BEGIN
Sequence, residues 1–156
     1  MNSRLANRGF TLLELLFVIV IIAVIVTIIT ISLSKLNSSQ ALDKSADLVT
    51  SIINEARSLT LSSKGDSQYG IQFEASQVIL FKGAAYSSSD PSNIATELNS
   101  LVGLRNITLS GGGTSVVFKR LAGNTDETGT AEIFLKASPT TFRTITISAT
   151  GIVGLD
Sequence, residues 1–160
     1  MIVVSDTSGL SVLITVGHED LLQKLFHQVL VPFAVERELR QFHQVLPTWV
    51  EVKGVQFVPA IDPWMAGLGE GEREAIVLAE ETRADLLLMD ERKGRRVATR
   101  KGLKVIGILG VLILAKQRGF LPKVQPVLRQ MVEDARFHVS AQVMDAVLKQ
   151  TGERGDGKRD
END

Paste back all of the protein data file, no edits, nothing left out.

Sequence, residues 1–156
     1  MNSRLANRGF TLLELLFVIV IIAVIVTIIT ISLSKLNSSQ ALDKSADLVT
    51  SIINEARSLT LSSKGDSQYG IQFEASQVIL FKGAAYSSSD PSNIATELNS
   101  LVGLRNITLS GGGTSVVFKR LAGNTDETGT AEIFLKASPT TFRTITISAT
   151  GIVGLD
Sequence, residues 1–160
     1  MIVVSDTSGL SVLITVGHED LLQKLFHQVL VPFAVERELR QFHQVLPTWV
    51  EVKGVQFVPA IDPWMAGLGE GEREAIVLAE ETRADLLLMD ERKGRRVATR
   101  KGLKVIGILG VLILAKQRGF LPKVQPVLRQ MVEDARFHVS AQVMDAVLKQ
   151  TGERGDGKRD